Banded Rotations
Banded Rotations

It helps to have some resistance bands for your rotational work. Check out our post on resistance band exercises you can do to help your golf swing.

  • Anchor your band to a stable object in your gym.
  • Grip the open end with a double overhand grip about shoulder width apart.
  • Keep your core engaged with your gaze to the horizon.
  • Rotate the core with extended arms keeping it engaged the whole time.
  • Repeat each side.
Landmine Rotations
Landmine Rotation

I like landmine rotations because there is a bit of a weighting component to strengthen the core and obliques which are vital to creating clubhead speed.

  • Wedge a barbell into a stable corner making sure it is nice and secure.
  • Keep the barbell in front of your torso as you rotate side to side.
  • Keep the abs tight and the feet stable.
  • You can pivot the feet in this one.
  • Landmine rotations really challenge the core to move dynamically through the movement similar to the golf swing.
Russian Twists
Russian Twist
  • Begin in a seated position with the chest and legs elevated.
  • Your body should resemble a “V” or a hollow body position.
  • Holds a dumbbell or medicine ball or weight plate in your hands
  • Twists your upper body and tap the weight to the ground as you rotate to each side. 
  • Repeat on the opposite side.
Russian Twist with Medball Toss
Russian Twist with Medicine Ball Toss

This is a great exercise to increase clubhead speed because of the weighted tossing component.

  • Begin in a seated position next to a wall. 
  • The chest and legs are elevated in a hollow body position.
  • You will need a medicine ball for this one.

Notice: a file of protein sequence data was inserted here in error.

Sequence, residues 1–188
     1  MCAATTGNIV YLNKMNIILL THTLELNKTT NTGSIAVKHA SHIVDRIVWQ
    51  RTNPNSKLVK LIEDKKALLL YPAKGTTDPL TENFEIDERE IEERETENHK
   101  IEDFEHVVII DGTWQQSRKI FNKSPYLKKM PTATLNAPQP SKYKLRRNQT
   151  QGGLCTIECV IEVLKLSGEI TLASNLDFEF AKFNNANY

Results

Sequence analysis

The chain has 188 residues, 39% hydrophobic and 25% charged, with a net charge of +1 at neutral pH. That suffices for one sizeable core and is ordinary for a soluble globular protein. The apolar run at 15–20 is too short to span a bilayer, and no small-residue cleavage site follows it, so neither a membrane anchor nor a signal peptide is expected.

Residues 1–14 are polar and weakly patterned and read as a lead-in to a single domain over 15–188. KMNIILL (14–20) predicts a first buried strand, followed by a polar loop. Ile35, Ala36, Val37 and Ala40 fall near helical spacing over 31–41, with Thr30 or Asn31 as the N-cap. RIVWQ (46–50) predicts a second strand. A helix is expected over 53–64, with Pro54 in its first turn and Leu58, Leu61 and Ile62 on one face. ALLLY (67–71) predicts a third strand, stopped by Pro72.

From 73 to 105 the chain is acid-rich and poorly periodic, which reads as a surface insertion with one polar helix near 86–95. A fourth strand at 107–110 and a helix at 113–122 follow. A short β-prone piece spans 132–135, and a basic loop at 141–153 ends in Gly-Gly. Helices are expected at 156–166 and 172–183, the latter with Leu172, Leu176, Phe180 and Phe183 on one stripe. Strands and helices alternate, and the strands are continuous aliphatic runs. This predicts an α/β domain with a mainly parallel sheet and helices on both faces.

• Perform a Russian twist tapping the weight ball to the ground but when you rotate towards the wall you will toss it against the wall. 
  • Catch the ball and repeat.
  • Perform an equal amount on both sides.
Half Kneeling Rotational Throws
Half Kneeling Rotational Throw
  • Begin with one knee on the ground and the other foot is flat.
  • You want the forward leg to be the one that is closest to the wall. 
  • From here grab your medicine ball and rotate away from the wall using your core rather than the arms. 
  • Rotate towards the wall and toss the medicine ball against the wall. 
  • Keep your core braced the entire time.
  • To get the most out of these rotational exercises to increase clubhead speed make sure you perform them on both sides so you don’t create imbalances. 
Rotational Med Ball Throws
Rotational Medicine Ball Throw
  • Standing a few feet from the wall grasp a medicine ball in front of your chest. 
  • Brace your core and rotate towards the wall.
  • As you rotate to the wall release the ball throwing it against the wall. 
  • Make sure that you are using your core rather than your arms to toss the ball.


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Exercises to increase clubhead speed